Catherine Nevin battled to keep husband’s wealth up to time of her death

Siblings of the late Tom Nevin claimed his wife should be disinherited from his estate

Margaret Lavelle, sister of the late Tom Nevin. Photograph:  Collins

Margaret Lavelle, sister of the late Tom Nevin. Photograph: Collins

 

More than two decades after being convicted of hiring a gunman to murder her husband, and serving 17 years in prison, Catherine Nevin was still before the courts at the time of her death.

She was released last September from the Dóchas Centre women’s prison on the Mountjoy complex in Dublin, but her battle with her late husband’s siblings was ongoing.

They were determined that she should be disinherited of the estate of the late Tom Nevin.

Catherine Nevin was jailed in 2000 when she was convicted of her husband’s murder at their pub, Jack White’s Inn near Brittas Bay, Co Wicklow, on March 19th, 1996.

She later lost appeals against her conviction and failed to have it declared a miscarriage of justice.

Tom Nevin died without leaving a will. His assets included the pub, which was jointly owned with his wife and which she sold in late 1997 for IR£620,000, two Dublin properties, a IR£78,000 insurance policy and cash of IR£197,000.

Her husband’s brother and sister – Patrick Nevin, Tynagh, Loughrea, Co Galway, and Margaret Lavelle, Ballinaghran, Craughwell, Co Galway – brought a preliminary application to the High Court seeking to admit evidence of Nevin’s conviction as part of their disinheritance proceedings.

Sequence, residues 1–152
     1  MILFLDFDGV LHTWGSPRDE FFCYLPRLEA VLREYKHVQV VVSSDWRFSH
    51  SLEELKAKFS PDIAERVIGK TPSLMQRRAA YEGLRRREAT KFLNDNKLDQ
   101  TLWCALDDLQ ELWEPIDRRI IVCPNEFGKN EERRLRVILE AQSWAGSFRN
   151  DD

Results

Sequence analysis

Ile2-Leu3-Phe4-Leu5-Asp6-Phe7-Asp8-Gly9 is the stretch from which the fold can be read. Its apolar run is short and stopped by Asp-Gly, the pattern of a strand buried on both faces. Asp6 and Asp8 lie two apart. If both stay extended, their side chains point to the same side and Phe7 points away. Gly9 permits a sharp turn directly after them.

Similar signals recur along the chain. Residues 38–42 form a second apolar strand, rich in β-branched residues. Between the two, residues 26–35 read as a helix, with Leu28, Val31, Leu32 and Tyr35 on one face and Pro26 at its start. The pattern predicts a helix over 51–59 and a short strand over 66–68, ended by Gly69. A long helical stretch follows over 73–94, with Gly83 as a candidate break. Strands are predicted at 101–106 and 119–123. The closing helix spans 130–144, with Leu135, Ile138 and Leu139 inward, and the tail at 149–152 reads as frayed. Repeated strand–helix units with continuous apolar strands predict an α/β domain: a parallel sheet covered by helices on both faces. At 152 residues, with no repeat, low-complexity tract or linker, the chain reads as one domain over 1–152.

Inheritance

Last March, the Court of Appeal ruled Catherine Nevin’s conviction for the murder of her husband could be used in their case aimed at stopping her inheriting any part of his estate.

That decision cleared the way for a full hearing before the High Court of civil proceedings by the siblings. They were also claiming damages against her for wrongful death.

In a counter-claim, Catherine Nevin, who always denied she was guilty of murdering her husband, claimed she was entitled to his assets, or part of them, by virtue of survivorship and the laws of intestacy.

In an affidavit to the High Court, she said she was quite happy to come to court and give evidence as she had nothing to do with her husband’s death.

Appeal dismissed

The High Court in 2013 ruled the conviction was admissible in the civil case but Catherine Nevin’s solicitor, Anne Fitzgibbon, appealed.

The focus of the appeal was on the High Court determination, as a preliminary issue, that her conviction for murder was admissible in civil proceedings as “prima facie evidence of the fact that she committed such murder”.

The three judge Court of Appeal dismissed the appeal. It found the High Court had correctly decided admission of the conviction involved an exception to the rule against admitting hearsay evidence which was justified on grounds of necessity and relevance.

At the time of her death, the Supreme Court was still to decide whether Catherine Nevin’s murder conviction could be used in the disinheritance proceedings.